This is Miss Marilyn Monroe at the Racquet Club in Palm Springs. She was never shy in front of the camera, but I always have been…so I say: one million thanks to Michael for the Q & A—it was a blast!
If you want to kick off your shoes and read the whole thing head over to It Rains… You Get Wet, but for now a tantalizing snippet on the genesis of It’s in His Kiss…
Q: “Okay, let’s cut to the chase I tell ‘ya, I have a million of ‘em. Why write a Hollywood-insider murder mystery? Not that this sleepy little town of ours couldn’t use the excitement, heaven knows.”
A: “Why not? What’s funny is, while I was writing it I wasn’t thinking about the genre. I was thinking about the characters and their interactions. Before I wrote the novel I had a particularly unpleasant, but completely typical, experience with a script of mine that was in development for eighteen months. The producer was a well known actor, with a well known beard, and I think some of my irritation about the situation and how it played out must have seeped into the book. Is there any wonder I killed someone off, fictionally?”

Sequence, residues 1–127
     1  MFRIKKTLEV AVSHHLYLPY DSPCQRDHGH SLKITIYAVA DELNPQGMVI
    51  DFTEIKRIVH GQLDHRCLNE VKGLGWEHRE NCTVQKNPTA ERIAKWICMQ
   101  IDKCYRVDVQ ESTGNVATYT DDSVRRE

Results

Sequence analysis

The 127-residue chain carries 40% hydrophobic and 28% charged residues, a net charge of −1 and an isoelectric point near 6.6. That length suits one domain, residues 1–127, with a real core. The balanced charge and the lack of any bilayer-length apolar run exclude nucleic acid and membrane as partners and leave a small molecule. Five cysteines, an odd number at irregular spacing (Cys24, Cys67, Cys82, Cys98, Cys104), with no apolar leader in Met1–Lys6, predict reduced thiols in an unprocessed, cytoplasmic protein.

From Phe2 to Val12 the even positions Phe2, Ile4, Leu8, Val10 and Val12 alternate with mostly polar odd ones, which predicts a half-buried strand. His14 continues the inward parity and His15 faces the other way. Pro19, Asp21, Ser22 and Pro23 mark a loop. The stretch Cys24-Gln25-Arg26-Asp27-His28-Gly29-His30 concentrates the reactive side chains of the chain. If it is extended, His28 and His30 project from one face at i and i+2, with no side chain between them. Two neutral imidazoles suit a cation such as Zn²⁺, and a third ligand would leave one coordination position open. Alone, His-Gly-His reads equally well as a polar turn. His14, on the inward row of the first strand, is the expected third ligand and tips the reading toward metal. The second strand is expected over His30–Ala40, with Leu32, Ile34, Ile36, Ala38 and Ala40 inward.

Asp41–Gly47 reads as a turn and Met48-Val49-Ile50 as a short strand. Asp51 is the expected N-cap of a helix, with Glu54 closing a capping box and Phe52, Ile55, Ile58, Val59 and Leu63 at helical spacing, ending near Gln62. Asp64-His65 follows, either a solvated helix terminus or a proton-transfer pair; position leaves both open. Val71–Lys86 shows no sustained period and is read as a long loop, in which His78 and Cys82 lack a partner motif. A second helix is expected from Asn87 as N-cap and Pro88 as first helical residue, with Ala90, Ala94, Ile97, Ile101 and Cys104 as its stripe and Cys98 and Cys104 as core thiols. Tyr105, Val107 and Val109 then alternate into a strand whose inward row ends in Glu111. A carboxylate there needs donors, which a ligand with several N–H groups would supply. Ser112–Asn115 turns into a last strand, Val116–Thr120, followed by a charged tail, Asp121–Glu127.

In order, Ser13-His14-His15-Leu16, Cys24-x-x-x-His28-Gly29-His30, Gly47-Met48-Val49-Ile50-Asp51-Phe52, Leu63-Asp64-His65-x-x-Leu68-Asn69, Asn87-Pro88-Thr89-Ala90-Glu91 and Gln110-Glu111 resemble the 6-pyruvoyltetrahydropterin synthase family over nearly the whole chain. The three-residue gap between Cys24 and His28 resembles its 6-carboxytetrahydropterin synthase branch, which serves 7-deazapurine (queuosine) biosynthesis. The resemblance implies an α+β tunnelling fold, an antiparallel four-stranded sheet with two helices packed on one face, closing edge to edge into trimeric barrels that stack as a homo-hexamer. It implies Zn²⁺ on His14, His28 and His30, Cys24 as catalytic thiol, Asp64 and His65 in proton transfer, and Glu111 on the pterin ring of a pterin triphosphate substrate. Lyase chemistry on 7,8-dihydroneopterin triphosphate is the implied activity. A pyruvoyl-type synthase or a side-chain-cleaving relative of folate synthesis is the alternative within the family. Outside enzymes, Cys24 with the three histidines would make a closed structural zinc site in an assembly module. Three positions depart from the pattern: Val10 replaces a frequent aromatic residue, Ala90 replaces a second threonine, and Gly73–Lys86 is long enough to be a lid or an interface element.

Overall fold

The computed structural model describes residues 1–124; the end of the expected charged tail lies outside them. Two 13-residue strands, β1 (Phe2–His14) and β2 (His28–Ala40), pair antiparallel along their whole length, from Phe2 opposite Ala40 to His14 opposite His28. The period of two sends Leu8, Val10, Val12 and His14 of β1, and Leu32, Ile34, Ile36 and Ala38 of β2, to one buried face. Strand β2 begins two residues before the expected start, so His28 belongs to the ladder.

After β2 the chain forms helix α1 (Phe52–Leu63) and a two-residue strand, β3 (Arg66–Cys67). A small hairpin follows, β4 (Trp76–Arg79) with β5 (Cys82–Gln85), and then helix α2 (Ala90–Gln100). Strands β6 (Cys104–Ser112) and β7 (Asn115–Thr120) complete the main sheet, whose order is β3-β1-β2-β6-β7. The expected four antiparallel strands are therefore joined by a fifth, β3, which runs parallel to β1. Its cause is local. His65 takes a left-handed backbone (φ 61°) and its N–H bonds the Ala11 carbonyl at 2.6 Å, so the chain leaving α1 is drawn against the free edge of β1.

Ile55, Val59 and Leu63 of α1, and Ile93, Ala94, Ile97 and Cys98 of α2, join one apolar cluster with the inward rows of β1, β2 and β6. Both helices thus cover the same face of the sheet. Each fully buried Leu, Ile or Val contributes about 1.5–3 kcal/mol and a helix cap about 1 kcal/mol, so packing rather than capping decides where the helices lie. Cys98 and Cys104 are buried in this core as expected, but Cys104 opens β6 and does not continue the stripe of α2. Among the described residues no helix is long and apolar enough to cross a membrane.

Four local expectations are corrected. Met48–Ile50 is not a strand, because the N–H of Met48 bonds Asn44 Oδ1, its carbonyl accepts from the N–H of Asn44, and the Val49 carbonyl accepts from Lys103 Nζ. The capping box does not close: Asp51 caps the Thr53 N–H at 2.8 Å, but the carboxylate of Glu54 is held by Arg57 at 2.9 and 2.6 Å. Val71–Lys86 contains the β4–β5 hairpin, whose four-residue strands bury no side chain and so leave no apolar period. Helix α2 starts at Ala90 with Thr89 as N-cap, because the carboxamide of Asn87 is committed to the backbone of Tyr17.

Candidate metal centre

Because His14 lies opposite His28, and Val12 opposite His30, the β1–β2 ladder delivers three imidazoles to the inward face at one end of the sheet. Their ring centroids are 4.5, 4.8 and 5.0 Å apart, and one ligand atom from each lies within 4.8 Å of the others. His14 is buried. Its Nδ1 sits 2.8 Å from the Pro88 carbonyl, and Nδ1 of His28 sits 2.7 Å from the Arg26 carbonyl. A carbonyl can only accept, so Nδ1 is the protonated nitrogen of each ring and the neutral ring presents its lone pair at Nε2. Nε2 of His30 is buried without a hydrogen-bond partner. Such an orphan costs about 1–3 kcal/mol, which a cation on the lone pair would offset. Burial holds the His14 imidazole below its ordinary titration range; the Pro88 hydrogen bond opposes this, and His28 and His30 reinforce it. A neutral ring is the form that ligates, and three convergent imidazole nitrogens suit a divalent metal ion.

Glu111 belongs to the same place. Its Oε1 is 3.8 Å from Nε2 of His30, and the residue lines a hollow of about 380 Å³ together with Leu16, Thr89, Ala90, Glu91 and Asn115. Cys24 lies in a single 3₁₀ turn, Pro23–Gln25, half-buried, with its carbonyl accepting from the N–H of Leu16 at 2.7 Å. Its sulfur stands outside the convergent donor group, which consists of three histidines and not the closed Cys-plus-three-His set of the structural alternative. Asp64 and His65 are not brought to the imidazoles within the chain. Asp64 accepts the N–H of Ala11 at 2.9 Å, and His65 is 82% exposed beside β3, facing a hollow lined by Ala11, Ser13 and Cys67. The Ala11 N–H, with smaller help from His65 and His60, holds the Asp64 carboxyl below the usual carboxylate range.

Q: “Now you have me thinking of bearded actors! Did using an East Coast novelist as your protagonist offer you an interesting idea or contrasting perspective as she explored the doings in Hollywood and Palm Springs? I mean, besides our terrible weather and wonderful traffic?”
A: “I wanted Anne to be a fish out of water, even though her ties to Hollywood ran deep. I wanted her to have had the kind of upbringing that would have forced her to think, and get a job. Too many sons and daughters of prominent Hollywood people don’t have the skills to make it on their own because nothing in life has ever been challenging. I remember a whole tribe of college-aged kids who would take over their family homes in the desert (when it was so hot you couldn’t believe it and their parents wouldn’t have been seen dead there) and lie by the pool all day, and get toasted on various substances at night. Also, one of the weird things about growing up in Hollywood, is that at a certain point, natives begin to believe the myths. I wanted her to be able to see through all the concocted fantasies of Hollywood’s life into its heart.”